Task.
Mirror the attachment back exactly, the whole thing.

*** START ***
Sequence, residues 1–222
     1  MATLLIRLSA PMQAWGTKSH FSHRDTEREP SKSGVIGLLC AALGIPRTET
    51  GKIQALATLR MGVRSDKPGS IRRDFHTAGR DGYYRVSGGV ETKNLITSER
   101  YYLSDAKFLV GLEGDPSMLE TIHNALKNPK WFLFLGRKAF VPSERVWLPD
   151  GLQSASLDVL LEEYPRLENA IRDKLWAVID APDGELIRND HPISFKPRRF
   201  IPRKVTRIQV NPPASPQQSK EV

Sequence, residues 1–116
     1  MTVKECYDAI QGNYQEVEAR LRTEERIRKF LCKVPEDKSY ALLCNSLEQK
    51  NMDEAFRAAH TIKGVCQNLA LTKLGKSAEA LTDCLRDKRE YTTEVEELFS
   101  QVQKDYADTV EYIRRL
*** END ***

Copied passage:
Sequence, residues 1–222
     1  MATLLIRLSA PMQAWGTKSH FSHRDTEREP SKSGVIGLLC AALGIPRTET
    51  GKIQALATLR MGVRSDKPGS IRRDFHTAGR DGYYRVSGGV ETKNLITSER
   101  YYLSDAKFLV GLEGDPSMLE TIHNALKNPK WFLFLGRKAF VPSERVWLPD
   151  GLQSASLDVL LEEYPRLENA IRDKLWAVID APDGELIRND HPISFKPRRF
   201  IPRKVTRIQV NPPASPQQSK EV

Sequence, residues 1–116
     1  MTVKECYDAI QGNYQEVEAR LRTEERIRKF LCKVPEDKSY ALLCNSLEQK
    51  NMDEAFRAAH TIKGVCQNLA LTKLGKSAEA LTDCLRDKRE YTTEVEELFS
   101  QVQKDYADTV EYIRRL